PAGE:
- Scientists often talk about carbon. What types of things contain carbon?
- The properties of carbon can be changed by temperature and pressure. Give
some common examples.
- What’s the name of the material inside your pencil that allows you to write?
And what’s this material made from?
- How much thicker is a piece of paper than a sheet of graphene?
- Compare graphene’s strength to that of steel.
- Where can you find graphene at school?
- How long ago did scientists first isolate graphene?
- Besides its strength and thickness, name two other major properties of
- How much does graphene cost?
- What do “magic liquids” have to do with graphene?
- Why are scientists especially excited about using graphene for electronics?
(Hint: How might size fit into this?)
- Using what you’ve learned from the story, why do you think graphene is
likely to change electronics in the next five years — or not? Explain your
- The author describes graphene as being a “wonder material.” Is this a
reasonable description or an exaggeration? Explain your assessment.
- Scientists had thought they might be able to make supersmall circuitry with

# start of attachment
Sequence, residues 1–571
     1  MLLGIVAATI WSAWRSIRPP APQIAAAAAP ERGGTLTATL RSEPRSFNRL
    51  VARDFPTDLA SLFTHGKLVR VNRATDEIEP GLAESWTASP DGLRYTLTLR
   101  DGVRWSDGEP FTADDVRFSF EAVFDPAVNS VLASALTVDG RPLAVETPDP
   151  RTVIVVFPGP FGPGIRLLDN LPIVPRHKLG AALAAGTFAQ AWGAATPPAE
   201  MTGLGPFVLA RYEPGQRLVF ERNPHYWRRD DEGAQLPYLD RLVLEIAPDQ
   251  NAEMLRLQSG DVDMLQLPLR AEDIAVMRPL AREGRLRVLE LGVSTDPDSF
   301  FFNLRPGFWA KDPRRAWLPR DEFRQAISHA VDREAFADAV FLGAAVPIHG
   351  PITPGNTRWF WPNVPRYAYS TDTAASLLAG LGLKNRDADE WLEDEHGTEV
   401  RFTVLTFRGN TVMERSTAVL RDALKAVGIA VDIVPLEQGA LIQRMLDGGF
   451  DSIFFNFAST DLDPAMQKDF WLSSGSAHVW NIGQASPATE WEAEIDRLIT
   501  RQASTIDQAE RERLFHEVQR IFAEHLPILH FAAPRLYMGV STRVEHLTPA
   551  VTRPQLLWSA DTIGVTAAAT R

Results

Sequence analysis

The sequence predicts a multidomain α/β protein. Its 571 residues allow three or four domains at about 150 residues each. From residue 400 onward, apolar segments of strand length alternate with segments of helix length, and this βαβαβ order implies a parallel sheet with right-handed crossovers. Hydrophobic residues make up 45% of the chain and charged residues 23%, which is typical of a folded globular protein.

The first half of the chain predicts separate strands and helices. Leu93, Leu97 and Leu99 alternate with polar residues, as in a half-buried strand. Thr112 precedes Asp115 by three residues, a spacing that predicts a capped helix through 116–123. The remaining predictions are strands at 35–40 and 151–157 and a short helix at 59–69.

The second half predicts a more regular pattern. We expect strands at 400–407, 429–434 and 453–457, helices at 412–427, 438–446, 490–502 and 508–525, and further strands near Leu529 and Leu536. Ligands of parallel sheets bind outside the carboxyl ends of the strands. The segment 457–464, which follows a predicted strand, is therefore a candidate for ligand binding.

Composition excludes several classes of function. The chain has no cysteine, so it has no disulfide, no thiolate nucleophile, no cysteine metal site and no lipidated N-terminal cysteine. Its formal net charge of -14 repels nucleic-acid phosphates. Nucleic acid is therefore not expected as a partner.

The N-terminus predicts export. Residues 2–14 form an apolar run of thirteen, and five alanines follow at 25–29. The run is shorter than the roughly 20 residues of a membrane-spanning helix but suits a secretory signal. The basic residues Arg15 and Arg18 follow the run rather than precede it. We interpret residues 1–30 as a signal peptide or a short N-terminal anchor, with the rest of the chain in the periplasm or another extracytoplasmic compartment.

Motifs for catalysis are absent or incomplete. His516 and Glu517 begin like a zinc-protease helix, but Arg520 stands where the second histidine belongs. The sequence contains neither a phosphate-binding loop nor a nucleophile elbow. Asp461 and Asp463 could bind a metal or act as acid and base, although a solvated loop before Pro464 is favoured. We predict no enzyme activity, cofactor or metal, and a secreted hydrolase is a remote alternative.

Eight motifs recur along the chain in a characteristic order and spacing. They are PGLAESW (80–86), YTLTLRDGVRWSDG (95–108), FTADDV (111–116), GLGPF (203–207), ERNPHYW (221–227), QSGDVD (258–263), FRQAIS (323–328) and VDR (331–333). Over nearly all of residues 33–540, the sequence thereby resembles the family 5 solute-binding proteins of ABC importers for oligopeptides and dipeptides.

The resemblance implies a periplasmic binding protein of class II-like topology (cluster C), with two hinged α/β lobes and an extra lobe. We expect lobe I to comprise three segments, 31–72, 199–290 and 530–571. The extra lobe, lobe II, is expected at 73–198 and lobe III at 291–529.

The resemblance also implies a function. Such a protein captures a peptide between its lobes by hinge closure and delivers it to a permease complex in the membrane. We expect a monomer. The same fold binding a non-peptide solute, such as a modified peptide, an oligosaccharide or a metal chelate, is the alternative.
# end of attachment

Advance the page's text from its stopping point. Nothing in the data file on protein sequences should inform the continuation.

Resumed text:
carbon nanotubes. Why does graphene look even more promising? (Hint: You can
learn more at Science News. See: http://www.sciencenews.org/view/feature/id/8955/title/Electron_Superhighway ) 
- If graphene is in pencil lead and other common materials, why does
research-grade graphene cost so much?
- Diamonds are a special form of carbon that can be found only in a few
isolated deposits around the globe. What about graphene? How widely available is
this type of carbon for mining? (Hint: Where does pencil lead come from?)
- Write new lyrics to a popular song (for instance: “Somewhere Over the
Rainbow,” “Do Your Ears Hang Low,” or some theme from a popular TV show) that
explain the many special features of graphene.
- If you were offered a pound of graphene sheets or a diamond the size of
your fist, which would you choose? And what would you do with it? Explain your
answer—and reasoning—in three paragraphs.